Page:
lege this year will have a man giv
ing full time as librarian and reg
istrar. This work will be done
by Mr. John Kenneth Riley, a
graduate of Linfield College and
Of the Rochester Theological Sem
inary, at which institution he has
served as assistant in bo,th the
registrar's office and . in the libr
ary.' Every effort will be made
to put the library in the -best pos
sible shape for the use of our fac
ulty and students. 'These addi
tion's will make a staff of 24 for
the ensuing year. f
Million Dollar Kmlownnient Fund
PACIFIC CllEGE
Newberg' Is Seat of Good
School Founded and Main-"
tained By the Friends
Newberg is one of the beautiful
and thrifty cities' of the Willam
ette valley; one of the. most desir
able of home cities. It.is about
an hour's ride from . Salem by
auto. Pacific College is ' located
In Newberg.
The aim ' of Pacific College, as
it has .long been stated in the an
nual catalogue, is a "liberal edu
cation under the best Christian in
fluence at a minimum expense.".
Founded and maintained by the
Friends (Qaaers), the school is
endowment funds now amount to
$457,162.16. This represents an
increase during the past year of
1180,000. This sum does not in
clude the gift of Mrs. Linfield nor
other non-income-bearing assets,
which amounts to half a million
more. The college " has,- there
fore, practically a million dollars
of endowment-assets, though but
half of , this amount is now income-bearing.
I
The trustees have not voted to
move Linfield College from Mc
Minnville. What they have done
is to express themseles as in favor
of moving to a more popuous cen
ter, provided a campus of at least
40 acres and $500,000 for new
buildings are made available.
: Backing of Fifty Thounsand
Linfield College is the Baptist
college of the Pacific Northwest,
having back of It the 50.000 mem
bers of Baptist churches' in the
states of Idaho. Oregon. Montana
and Washington. -The purpose of
the college can be expressed in no
better terms than was done in the
pioneer days when the promoters
of Christian education' declared It
to be established "for the culture
of our rising generations and the
perpetuation of our gospel princi
pies of liberty of conscience and
freedom-of thought." The mem
bers of the board of trustees, of
the faculty and of the - student
body together are constantly striv
ing for the realization of this no
open to all young persons of good
character for the regular wort of
the College of Arts and Sciences
leading to a. bachelor's . degree,
also having a preparatory depart
ment which covers thoroughly the
work of high'school grad;leadlns
to j full preparation, for college en
trance. . -'fi '- ' ;
A thorough music course : in
piano, violin voice, cello, etc... is
offered by a highly trained and
thoroughly, competent music facul-
& -...I-: ,: - "
- The first semester of-the com
ing yearl opens September 15.
Full information,' catalogue, etc..
may be secured by addressing the
president, j.
PUI1 1
55 ..:
- , ; . - T, 1
G001SCII0DLIE
: r !--'
The Seat of Philomath" Col
lege; Has Stood Test of .
Over Half a Century
Philomath College is one of the
group of institutions of higher
learnlne? in ; tha Willamette vallev
that make this section the most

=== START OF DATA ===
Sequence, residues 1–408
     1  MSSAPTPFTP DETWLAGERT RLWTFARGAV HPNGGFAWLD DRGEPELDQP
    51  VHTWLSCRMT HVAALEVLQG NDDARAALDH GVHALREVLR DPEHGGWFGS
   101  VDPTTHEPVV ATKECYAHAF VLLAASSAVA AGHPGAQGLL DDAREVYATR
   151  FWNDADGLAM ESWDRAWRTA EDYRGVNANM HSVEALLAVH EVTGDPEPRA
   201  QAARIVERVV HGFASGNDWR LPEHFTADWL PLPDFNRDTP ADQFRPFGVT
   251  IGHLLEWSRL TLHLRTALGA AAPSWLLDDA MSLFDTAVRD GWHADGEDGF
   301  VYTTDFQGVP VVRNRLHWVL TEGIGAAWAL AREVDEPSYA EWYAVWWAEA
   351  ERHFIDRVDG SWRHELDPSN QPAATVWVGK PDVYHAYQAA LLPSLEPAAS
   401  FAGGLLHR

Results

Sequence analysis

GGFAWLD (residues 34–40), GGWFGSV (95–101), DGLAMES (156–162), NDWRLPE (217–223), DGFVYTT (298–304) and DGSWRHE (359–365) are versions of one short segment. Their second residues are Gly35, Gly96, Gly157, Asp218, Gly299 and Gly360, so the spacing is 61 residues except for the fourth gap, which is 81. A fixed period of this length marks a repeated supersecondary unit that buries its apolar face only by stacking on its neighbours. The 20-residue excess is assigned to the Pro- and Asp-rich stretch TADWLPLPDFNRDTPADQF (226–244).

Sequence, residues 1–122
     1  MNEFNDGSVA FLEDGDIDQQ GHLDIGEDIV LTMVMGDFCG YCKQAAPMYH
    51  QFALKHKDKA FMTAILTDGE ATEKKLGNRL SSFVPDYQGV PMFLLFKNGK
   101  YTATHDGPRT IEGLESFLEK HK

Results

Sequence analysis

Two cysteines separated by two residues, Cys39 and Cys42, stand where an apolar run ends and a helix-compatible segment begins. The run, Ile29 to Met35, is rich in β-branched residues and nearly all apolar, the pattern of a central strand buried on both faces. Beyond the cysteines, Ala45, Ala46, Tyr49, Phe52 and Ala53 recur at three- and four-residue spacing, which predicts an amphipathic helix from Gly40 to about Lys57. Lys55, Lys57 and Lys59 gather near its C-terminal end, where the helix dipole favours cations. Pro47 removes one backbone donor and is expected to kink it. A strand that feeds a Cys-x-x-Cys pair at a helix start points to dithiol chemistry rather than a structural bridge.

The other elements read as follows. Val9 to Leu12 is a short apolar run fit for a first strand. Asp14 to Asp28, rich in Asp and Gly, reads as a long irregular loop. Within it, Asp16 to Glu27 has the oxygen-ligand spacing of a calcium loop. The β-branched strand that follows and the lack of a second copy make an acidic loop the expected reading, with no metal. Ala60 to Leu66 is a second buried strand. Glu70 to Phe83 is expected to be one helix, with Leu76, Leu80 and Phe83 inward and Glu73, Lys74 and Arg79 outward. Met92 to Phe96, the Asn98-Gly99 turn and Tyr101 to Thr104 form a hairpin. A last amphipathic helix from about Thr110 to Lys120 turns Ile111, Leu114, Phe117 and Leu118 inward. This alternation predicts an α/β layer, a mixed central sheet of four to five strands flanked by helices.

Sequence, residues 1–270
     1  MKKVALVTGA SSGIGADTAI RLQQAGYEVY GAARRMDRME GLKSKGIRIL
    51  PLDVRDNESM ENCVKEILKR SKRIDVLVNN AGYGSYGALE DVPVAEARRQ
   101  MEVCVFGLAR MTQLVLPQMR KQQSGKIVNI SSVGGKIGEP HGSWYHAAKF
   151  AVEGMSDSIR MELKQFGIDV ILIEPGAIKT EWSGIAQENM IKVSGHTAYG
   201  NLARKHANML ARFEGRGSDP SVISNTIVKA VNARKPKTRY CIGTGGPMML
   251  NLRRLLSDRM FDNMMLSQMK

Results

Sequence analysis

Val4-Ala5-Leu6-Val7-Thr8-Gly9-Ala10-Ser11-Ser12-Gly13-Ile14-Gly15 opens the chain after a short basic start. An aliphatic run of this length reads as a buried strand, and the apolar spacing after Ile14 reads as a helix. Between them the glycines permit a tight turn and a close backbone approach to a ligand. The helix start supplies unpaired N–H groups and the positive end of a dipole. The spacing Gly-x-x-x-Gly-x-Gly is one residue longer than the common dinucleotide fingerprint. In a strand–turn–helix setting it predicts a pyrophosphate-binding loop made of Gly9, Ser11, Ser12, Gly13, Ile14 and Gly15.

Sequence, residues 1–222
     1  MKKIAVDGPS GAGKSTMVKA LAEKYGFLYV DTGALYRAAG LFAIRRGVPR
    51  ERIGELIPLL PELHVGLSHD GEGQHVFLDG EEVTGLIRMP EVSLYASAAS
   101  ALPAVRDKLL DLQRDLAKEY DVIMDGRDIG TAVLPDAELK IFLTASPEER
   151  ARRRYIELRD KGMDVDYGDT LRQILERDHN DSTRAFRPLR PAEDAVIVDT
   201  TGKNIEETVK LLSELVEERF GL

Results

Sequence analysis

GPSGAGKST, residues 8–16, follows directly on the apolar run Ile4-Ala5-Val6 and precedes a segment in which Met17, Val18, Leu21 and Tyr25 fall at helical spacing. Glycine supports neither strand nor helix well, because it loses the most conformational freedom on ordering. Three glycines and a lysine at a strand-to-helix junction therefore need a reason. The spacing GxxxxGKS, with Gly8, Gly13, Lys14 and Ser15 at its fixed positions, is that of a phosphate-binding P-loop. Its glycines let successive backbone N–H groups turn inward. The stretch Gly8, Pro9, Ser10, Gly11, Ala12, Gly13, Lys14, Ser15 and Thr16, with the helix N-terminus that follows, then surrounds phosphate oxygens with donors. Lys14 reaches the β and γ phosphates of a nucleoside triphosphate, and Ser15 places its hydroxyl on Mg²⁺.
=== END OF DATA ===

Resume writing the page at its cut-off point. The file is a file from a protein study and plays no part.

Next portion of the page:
v Mount Angel College and Seminary
J ; St. Benedict, Oregon
Jnnior College Junior College. Courses in all branches.'
CoIIejrlate Department A four-year course" leading to the de
"" 'r gree of Bachelor of Arts. A two-year pre-medical course.
' A two-year pre-engineering course. A two-year 'journalism
course. ' , : ' '"'
Aradniilc .Department- Classic course. Science course. Eng-
. lish course. Commercial course. - .
- Write for Catalog
Registration Date September 15th
Formal Opening of goliool September 16th
The permanent income-bearing ble principle.
GIVE US
A List of Yonr Lumber
-" Requirements.
Build Now
Our Prices are Right
COBBS & MITCH EL
COMPANY
840 So. 12th Near S.P. Depot
A. B. Kelsay, Mgr.
HERE; MR. HOMEBUILDER
Is the BEST. SAFlSSTy 8TROXGEST.
and, Jn the long run, the CHKAPEST
Material out of which to build your
home.
It is BURXED CUY HOLLOW BUILD
ING TILE it Insures Fire Safety
Health and Comfort.,
ask for Catalog and Booklet of Plans
if? i
017 A '
I :'. f I
I
SALEM BRICK & TILE CO.
Saletn : Oregon IMione
lllrs. of Burned Clay Hollow Building Tile, Brick,
-I.----, and Drain Tllo . -;
Oregon Normal School
Monmouth, Oregon
t li."
-The Oregon Normal . School is devoted to the training of
teachers for the elementary schools of the state. Knowledge p
subject matter alone is notvsoif fFcient for successful teaching!'
li '-'A-.: ' ; '- ? : !.' . .-
i Professional Training must be added. In this respect the
Oregon Normal School is unexcelled. A leading superintendent
recently said: "We have teachers In our city schools from tbo
nuriiial schools of various states, but the teachers from the Ore
gon Nornuil Scliool are Invariably superior in teaching ability
land secure better results than those from other schools." .
Students may enter with equal advantage at the beginning
;oi any one or tour terms, -
,THE TERMS BEGIN:
C m w M w feSnM
I Fall .Term
Winter Term
, Spring Term
- " June 16, 192 4
September 22. 1924
January 5. 192?
March 30. 1925
For catalogue and details of courses
-Address The Registrar, .Monmouth. OK
J
tte)it VJeett's Slonan
' SUBJECT IS
SHEER MD OTHER THINGS '
.